At a meeting in Exxon Corporation’s headquarters, a senior company scientist named James F. Black addressed an audience of powerful oilmen. Speaking without a text as he flipped through detailed slides, Black delivered a sobering message: carbon dioxide from the world’s use of fossil fuels would warm the planet and could eventually endanger humanity.
“In the first place, there is general scientific agreement that the most likely manner in which mankind is influencing the global climate is through carbon dioxide release from the burning of fossil fuels,” Black told Exxon’s Management Committee, according to a written version he recorded later.
It was July 1977 when Exxon’s leaders received this blunt assessment, well before most of the world had heard of the looming climate crisis.
A year later, Black, a top technical expert in Exxon’s Research & Engineering division, took an updated version of his presentation to a broader audience. He warned Exxon scientists and managers that independent researchers estimated a doubling of the carbon dioxide (CO2) concentration in the atmosphere would increase average global temperatures by 2 to 3 degrees Celsius (4 to 5 degrees Fahrenheit), and as much as 10 degrees Celsius (18 degrees Fahrenheit) at the poles. Rainfall might get heavier in some regions, and other places might turn to desert.
The Globe & Mail, By Stephanie Nolen, September 18
San Salvador – It’s been nearly a year since Myrna Ramirez walked out of jail for the last time, but she still can’t quite believe she is free. She can’t believe, in fact, any of it: that she served nearly 13 years in jail for attempted murder, that she nearly bled to death in police custody, that she missed her daughter’s childhood – all because she went into premature labour at home one night, asked a neighbour for help, and that neighbour reported her to authorities for attempting to terminate a pregnancy.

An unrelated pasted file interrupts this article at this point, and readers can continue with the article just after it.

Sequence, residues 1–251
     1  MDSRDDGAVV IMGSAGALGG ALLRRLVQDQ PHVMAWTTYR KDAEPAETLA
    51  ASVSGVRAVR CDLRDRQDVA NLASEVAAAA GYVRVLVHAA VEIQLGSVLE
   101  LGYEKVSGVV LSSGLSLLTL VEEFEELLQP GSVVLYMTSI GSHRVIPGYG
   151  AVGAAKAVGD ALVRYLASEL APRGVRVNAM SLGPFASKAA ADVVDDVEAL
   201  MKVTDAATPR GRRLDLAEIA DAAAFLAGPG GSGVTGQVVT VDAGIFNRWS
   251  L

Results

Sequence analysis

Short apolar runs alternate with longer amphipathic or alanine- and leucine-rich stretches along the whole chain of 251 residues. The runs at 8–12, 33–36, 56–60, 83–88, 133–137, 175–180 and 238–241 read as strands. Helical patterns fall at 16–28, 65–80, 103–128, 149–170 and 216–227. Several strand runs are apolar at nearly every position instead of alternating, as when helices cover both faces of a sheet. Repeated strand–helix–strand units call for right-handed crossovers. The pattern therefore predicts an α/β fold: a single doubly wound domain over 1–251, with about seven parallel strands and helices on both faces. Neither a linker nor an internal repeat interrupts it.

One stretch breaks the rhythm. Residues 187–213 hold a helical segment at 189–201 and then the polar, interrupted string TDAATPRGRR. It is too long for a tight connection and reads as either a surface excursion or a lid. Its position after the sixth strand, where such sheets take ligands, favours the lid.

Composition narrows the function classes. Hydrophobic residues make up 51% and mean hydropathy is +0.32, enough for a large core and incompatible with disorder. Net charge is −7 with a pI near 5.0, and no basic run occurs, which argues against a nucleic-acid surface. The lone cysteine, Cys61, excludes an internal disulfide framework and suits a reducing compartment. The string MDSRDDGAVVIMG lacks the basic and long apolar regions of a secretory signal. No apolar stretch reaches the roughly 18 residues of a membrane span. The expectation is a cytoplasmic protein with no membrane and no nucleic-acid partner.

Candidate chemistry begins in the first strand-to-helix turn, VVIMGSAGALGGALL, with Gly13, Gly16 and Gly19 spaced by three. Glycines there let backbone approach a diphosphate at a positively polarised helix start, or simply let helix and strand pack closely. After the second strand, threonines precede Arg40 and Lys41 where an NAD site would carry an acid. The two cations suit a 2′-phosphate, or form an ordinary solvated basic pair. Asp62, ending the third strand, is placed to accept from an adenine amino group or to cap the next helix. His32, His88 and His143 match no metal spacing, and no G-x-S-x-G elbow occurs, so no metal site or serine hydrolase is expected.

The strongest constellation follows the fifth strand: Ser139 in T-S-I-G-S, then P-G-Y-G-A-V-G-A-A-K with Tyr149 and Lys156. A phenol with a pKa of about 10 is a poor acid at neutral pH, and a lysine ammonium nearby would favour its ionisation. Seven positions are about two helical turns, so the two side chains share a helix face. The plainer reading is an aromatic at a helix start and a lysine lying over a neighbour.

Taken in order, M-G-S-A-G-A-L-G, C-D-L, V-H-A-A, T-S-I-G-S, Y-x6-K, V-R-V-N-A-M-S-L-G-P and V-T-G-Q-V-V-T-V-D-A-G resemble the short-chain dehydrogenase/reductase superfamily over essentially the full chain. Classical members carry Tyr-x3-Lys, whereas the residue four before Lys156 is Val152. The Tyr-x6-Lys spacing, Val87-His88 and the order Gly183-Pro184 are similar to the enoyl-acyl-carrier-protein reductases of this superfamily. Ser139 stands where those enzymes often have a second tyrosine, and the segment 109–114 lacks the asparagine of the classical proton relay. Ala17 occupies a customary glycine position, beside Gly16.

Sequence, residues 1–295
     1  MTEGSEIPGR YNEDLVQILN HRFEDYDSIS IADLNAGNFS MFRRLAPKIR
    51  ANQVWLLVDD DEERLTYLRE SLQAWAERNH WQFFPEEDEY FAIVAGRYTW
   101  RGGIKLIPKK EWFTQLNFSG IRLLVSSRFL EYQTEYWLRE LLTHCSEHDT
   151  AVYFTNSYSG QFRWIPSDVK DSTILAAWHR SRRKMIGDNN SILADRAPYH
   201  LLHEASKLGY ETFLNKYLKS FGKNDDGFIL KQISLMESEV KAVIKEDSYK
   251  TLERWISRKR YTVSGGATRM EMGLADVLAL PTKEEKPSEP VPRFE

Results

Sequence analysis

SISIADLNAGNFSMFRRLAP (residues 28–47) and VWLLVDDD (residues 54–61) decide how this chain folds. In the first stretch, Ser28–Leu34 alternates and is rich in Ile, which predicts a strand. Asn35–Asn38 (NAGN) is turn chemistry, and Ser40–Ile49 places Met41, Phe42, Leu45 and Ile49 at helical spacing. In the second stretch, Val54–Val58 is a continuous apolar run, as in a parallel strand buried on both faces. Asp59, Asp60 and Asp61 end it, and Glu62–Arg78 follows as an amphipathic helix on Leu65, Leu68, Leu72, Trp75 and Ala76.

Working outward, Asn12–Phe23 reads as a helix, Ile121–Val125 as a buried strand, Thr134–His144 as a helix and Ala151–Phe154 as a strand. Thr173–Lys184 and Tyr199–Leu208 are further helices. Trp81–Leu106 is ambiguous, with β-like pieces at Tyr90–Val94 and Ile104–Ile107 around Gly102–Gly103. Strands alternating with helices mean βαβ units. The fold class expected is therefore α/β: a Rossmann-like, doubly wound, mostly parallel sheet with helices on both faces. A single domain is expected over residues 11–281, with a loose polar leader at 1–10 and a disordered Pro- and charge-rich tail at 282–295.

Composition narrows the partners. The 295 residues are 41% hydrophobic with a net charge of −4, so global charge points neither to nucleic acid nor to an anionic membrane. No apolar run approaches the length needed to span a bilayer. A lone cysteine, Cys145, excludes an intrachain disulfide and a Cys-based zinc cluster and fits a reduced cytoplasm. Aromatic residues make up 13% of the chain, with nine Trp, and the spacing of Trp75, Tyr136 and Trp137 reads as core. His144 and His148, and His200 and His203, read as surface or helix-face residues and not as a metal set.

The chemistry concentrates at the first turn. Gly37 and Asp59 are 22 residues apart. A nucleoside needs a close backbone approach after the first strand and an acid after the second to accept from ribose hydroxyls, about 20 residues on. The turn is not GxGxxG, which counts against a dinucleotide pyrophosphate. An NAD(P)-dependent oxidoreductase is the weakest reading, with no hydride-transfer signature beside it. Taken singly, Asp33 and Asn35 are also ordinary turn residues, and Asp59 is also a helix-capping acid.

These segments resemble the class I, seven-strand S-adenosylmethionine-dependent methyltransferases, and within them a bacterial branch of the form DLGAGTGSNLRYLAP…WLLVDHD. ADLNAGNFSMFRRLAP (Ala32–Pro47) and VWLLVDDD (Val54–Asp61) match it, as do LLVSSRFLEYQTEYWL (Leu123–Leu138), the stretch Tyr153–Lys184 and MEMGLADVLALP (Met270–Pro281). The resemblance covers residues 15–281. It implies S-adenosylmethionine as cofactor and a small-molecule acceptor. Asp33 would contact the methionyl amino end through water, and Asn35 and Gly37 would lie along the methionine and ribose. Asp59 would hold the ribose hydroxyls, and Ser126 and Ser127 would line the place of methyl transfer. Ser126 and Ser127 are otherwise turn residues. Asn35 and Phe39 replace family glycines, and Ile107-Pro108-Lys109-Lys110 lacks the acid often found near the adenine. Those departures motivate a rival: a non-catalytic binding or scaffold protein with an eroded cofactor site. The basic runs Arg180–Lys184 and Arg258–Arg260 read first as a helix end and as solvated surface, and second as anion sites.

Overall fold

She joined a prison wing full of women who ran afoul of El Salvador’s abortion law, perhaps the most restrictive in the world. “It’s like some kind of nightmare,” Ms. Ramirez says.
In 1998, after the civil war, El Salvador adopted a new law that outlawed abortion in all circumstances. Unlike the law it replaced, there are no exceptions for cases of rape, severe fetal abnormalities or threat to the mother’s life from pregnancy. Only six other countries in the world, all in Latin America and the Caribbean, have similarly prohibitive laws; in one, Chile, the President is pushing an easing of the law to allow abortion in some situations.
El Salvador, however, has the most active enforcement of its abortion law. Here authorities investigate and prosecute women whose pregnancies end before 40 weeks in what may be miscarriages or stillbirths or preterm labours, such as Ms. Ramirez’s. Judges have sentenced women convicted of terminating pregnancies to prison terms of up to 40 years.